By Graeme Davies
Many column inches have been devoted to the possibility of a ‘triple dip’ recession in the UK as economic activity indicators have turned downwards once again. The UK economy is dominated by the services sector, but the government has talked at length about rebalancing the economy to encourage the manufacturing sector to contribute more – although the most recent budget with its attempt at boosting the house building sector and the wider housing market suggested that hopes for such a rebalancing could be on the wane.
So, what of the manufacturing sector in Wales? A recent survey of business activity by Lloyds TSB showed the private sector in Wales continuing to expand and create jobs, even though the pace of expansion slowed a little in February after a bright January. But this was mainly down to a slowing in service sector activity as the manufacturing sector showed further signs of health.
Welsh manufacturing is aided by the fact it has transitioned away from labour intensive ‘old economy’ manufacturing to more high tech and specialist manufacturing linked to major growth areas such as aerospace and energy.
And with these sectors still enjoying strong growth on a global scale, and in the emerging economies of Asia and Latin America in particular, the future looks a little brighter for Welsh manufacturers.
The global downturn may have been tough, but it has concentrated minds on improving efficiency, slimming down on costs and targeting areas where demand is growing, and this has been an important injection of discipline when companies have been forced to contend with input price inflation.
This has enabled companies to grow their profits more rapidly when demand has picked up again as margins are better and proves the old adage that only the fittest survive.
There could also be a further boost to come for exporters in the coming months if the recent weakness in sterling is sustained. Expectations of further easy monetary policy have weakened sterling and, for exporters, this could create a welcome boost as their goods begin to look cheaper compared with rivals’ output priced in dollars.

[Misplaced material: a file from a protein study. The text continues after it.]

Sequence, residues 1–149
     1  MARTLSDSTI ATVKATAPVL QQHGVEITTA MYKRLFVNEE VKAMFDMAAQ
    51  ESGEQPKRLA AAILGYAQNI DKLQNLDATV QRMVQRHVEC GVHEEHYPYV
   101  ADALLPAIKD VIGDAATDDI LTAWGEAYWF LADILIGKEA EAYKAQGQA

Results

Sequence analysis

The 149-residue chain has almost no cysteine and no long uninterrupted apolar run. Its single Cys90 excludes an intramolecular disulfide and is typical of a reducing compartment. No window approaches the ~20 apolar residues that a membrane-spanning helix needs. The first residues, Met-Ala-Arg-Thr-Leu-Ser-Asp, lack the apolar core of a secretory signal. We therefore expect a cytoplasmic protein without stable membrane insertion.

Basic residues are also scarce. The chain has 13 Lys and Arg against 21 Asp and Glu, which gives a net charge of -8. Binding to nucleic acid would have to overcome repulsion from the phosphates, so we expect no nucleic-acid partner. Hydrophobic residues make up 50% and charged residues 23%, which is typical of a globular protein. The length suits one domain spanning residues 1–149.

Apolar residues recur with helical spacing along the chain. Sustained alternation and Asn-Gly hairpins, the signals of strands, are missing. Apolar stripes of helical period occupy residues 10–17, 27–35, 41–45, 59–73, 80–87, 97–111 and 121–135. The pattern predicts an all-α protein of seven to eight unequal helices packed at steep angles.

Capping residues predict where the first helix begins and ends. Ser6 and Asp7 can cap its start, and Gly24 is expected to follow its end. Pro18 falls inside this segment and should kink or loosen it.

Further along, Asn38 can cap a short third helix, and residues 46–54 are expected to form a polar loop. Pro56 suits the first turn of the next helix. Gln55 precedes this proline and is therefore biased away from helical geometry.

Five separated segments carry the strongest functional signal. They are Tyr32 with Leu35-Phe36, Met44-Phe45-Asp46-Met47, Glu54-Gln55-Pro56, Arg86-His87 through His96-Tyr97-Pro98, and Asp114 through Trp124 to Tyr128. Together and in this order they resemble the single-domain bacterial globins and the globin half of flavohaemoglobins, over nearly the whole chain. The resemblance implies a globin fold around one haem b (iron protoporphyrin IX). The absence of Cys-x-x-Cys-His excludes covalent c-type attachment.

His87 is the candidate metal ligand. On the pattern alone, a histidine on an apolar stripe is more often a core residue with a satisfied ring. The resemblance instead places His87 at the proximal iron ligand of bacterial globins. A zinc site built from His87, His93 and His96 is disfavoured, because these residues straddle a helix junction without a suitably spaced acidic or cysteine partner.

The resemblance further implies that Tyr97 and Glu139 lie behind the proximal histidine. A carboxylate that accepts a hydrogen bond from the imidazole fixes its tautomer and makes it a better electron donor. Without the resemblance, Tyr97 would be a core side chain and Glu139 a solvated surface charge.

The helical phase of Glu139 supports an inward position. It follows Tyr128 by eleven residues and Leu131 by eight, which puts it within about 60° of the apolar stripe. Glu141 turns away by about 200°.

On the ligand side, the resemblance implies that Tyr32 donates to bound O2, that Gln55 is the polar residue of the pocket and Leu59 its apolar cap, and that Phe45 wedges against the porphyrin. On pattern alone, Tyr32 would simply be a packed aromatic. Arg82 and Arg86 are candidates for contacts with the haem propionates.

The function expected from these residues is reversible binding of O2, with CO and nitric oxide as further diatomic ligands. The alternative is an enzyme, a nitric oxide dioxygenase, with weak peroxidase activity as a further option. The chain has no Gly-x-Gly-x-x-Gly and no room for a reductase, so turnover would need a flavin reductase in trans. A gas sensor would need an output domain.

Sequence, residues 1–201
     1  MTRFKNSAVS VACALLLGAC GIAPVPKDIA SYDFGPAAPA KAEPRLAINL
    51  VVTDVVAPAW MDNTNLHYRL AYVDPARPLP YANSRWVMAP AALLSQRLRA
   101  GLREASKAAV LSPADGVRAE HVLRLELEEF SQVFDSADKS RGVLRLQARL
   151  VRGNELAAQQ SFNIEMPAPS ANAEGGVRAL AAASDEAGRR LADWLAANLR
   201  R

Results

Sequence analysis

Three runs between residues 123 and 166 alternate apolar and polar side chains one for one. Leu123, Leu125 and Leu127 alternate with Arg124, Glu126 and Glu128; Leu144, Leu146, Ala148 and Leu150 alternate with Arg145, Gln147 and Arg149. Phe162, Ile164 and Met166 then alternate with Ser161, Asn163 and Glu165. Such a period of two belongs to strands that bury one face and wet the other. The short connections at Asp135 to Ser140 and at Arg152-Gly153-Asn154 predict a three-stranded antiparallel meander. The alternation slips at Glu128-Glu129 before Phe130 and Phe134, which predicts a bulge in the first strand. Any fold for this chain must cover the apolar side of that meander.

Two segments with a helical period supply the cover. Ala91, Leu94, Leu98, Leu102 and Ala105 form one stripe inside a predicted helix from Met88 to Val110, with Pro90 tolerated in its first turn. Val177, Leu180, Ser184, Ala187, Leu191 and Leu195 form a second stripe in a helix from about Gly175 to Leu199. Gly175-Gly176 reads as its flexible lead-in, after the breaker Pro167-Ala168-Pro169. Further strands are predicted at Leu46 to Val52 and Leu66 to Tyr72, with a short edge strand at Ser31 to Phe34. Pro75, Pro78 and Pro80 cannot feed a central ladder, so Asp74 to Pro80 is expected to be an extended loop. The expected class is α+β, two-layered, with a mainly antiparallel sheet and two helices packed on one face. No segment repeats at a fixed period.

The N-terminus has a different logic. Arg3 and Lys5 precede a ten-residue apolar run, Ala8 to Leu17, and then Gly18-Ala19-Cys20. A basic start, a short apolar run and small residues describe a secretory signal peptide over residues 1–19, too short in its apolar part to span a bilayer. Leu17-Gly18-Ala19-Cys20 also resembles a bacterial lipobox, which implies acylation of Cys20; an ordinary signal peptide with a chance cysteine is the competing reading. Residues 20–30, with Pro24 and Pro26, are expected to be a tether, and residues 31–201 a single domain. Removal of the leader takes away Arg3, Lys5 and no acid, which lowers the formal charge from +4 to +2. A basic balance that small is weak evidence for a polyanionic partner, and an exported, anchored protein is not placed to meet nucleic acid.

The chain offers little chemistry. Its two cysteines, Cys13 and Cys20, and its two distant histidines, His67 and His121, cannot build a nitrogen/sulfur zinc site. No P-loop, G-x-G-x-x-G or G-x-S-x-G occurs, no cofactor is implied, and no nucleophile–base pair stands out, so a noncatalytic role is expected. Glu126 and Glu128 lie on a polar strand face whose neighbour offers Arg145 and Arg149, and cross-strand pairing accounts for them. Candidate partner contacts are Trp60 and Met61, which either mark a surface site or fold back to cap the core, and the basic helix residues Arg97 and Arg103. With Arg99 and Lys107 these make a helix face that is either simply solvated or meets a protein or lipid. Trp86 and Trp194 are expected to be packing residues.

There are potential mitigating factors such as inputs being priced in dollars and the fact that many companies burnt in previous periods have hedged their currency exposure for several months hence. But when these hedging arrangements run their course some companies could see an uplift.
But manufacturers do remain under significant pressure and, even though Asia and the US are showing signs of a pick up in activity, the UK still relies heavily on sales into the embattled Eurozone where economic indicators remain dire.
The budget did little to suggest that manufacturers are going to get a great deal of additional help from a cash strapped government, although the pre-budget announcement of a £1bn public investment in an aerospace institute aimed at protecting thousands of jobs in the industry may help that sub-sector, including the 20,000 Welsh jobs connected to aerospace.
Welsh manufacturing has become concentrated around key industries, such as aerospace, automotive, technology, energy and optoelectronics, and this stands it in rather better stead than many of the other UK regions. Manufacturers have had to move with the times very rapidly in recent years, but Welsh manufacturers find themselves, for the most part, serving industries where growth prospects for the coming years look decent, despite the wider global economic uncertainty.